Soundview Executive Book Summaries
Global business is increasing dramatically and along with it, the cross-border friction that emerges when there are misunderstood or ignored cultural differences. Though every destination provides new hazards for mistakes, Ernest Gundling, an expert in strategic global approaches to leadership development, organizational change and innovation, explains that the challenges you will encounter are relatively predictable and easily anticipated.
The single greatest cause of difficulties in global business transactions is lack of appropriate people skills for relating to counterparts from other countries and cultures. In Working GlobeSmart, Gundling outlines the 12 fundamental skills managers need if they intend to move across borders and succeed. Not simply a list of culturally specific customs and behaviors, Working GlobeSmart presents a general set of behaviors spanning interpersonal, group and organizational skills. According to Gundling, managers, especially American managers, who can understand why these skills are important and incorporate them into their business dealings - whether in South America, Europe or Asia - will find that partners across the globe are more likely to respond and work together to achieve mutually beneficial results.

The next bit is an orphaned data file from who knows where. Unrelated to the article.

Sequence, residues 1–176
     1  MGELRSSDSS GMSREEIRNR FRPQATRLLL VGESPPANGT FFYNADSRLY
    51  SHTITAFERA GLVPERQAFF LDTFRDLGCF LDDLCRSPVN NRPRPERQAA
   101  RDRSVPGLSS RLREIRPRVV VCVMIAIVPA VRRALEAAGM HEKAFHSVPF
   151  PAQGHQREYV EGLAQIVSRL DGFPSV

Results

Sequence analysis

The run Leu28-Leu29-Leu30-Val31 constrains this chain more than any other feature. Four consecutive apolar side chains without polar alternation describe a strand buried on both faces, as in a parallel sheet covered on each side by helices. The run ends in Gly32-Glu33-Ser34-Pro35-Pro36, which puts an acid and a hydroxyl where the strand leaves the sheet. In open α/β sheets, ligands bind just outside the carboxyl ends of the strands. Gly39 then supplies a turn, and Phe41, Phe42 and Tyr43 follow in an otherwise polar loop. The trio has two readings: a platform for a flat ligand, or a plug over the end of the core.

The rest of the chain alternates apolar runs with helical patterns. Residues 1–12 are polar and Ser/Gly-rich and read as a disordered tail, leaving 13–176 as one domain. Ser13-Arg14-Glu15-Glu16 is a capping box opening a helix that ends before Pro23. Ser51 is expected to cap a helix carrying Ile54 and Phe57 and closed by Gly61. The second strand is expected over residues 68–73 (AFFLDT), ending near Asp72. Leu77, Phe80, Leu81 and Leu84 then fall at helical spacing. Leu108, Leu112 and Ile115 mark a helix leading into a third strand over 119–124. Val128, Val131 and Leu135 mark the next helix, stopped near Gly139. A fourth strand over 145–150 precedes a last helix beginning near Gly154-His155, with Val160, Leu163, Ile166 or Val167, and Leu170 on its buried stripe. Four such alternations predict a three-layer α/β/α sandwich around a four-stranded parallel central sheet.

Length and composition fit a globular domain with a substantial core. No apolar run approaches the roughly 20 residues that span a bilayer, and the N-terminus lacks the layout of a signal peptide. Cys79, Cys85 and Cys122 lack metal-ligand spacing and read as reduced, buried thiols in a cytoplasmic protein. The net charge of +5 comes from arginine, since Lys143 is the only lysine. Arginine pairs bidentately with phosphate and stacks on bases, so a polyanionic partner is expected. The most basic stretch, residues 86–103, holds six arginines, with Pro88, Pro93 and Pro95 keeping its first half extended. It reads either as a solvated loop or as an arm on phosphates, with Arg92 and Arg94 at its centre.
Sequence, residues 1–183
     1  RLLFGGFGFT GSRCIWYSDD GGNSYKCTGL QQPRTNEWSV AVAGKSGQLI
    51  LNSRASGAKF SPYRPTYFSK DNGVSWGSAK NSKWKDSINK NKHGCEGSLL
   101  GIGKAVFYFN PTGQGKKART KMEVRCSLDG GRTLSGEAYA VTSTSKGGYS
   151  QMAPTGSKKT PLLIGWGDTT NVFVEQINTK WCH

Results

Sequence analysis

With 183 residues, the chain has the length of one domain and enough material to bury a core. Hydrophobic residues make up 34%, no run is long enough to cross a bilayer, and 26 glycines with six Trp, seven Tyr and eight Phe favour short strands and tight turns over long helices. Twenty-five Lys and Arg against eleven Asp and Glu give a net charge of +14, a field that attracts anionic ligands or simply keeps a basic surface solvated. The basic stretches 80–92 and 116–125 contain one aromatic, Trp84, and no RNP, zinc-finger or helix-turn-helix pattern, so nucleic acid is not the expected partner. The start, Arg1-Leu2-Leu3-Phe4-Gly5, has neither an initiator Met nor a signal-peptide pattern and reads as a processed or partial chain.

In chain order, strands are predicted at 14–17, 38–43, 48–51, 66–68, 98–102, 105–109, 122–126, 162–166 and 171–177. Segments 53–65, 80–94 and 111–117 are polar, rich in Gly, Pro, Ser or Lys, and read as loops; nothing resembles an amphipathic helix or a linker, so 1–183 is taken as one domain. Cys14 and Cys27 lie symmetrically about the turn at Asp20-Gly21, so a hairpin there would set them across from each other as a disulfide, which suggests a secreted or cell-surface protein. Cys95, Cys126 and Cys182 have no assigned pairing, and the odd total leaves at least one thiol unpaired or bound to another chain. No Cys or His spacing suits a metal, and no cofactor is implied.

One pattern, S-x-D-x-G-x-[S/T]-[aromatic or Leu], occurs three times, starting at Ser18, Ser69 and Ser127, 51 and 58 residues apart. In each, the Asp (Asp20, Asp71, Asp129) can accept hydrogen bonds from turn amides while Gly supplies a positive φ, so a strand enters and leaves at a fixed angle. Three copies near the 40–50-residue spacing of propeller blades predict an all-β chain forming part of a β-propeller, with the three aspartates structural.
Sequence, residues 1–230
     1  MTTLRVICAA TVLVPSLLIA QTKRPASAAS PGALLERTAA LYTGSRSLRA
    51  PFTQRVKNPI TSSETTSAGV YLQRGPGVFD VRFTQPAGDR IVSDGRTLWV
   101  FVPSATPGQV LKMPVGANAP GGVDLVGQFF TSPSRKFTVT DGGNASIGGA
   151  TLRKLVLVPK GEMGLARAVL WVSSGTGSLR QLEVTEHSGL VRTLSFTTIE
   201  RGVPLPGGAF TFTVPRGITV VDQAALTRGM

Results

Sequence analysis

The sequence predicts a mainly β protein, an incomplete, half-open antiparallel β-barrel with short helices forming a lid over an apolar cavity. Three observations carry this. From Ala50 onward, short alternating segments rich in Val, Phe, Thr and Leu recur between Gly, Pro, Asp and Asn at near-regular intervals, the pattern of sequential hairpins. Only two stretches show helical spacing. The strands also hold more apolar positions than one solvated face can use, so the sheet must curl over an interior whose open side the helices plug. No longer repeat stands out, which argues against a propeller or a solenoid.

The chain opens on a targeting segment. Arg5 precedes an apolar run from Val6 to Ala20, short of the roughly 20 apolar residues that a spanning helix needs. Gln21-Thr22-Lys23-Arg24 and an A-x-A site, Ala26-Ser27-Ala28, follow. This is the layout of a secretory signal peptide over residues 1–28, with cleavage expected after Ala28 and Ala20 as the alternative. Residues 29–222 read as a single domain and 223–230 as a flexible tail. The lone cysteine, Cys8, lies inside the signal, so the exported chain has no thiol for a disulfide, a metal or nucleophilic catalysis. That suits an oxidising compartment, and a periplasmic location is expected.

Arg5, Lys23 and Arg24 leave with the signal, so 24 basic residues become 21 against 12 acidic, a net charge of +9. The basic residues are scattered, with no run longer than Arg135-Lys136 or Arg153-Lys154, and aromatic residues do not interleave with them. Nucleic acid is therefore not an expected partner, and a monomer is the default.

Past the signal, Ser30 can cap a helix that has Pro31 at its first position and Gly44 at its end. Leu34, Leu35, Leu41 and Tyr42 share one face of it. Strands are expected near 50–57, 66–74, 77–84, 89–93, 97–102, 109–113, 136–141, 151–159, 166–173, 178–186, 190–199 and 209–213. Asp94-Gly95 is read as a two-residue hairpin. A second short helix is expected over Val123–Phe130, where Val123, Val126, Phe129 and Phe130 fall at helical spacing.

Global People Skills
Managers frequently underestimate the importance of global people skills to business. The model in Working GlobeSmart includes 12 competencies that include interpersonal, group, and organizational skills. Gundling writes that they must be well integrated throughout your organizational culture, because the value of your products, either at home or abroad, will decrease without the people skills to back them up.
Failures in global business are more insidious than acute. They seem small, but as they build up, they become lethal. Gundling writes that expecting others to speak one's own language; assuming everyone is eager to adopt your ways; and not taking the time to establish effective relationships abroad can all undercut plans that have been carefully strategized at home.
Generalizations about a national culture can be helpful in anticipating how people will act in unfamiliar settings, Gundling explains, but it is improper to apply stereotypes to an entire nationality that is most likely as varied culturally and ethnically as your own. By inquiring about another culture, identifying its contribution, learning its core values and attendant behavior, and understanding the gaps between you and the average profile of the other culture, he writes that you can predict areas of potential conflict both with business partners and your own personal limits.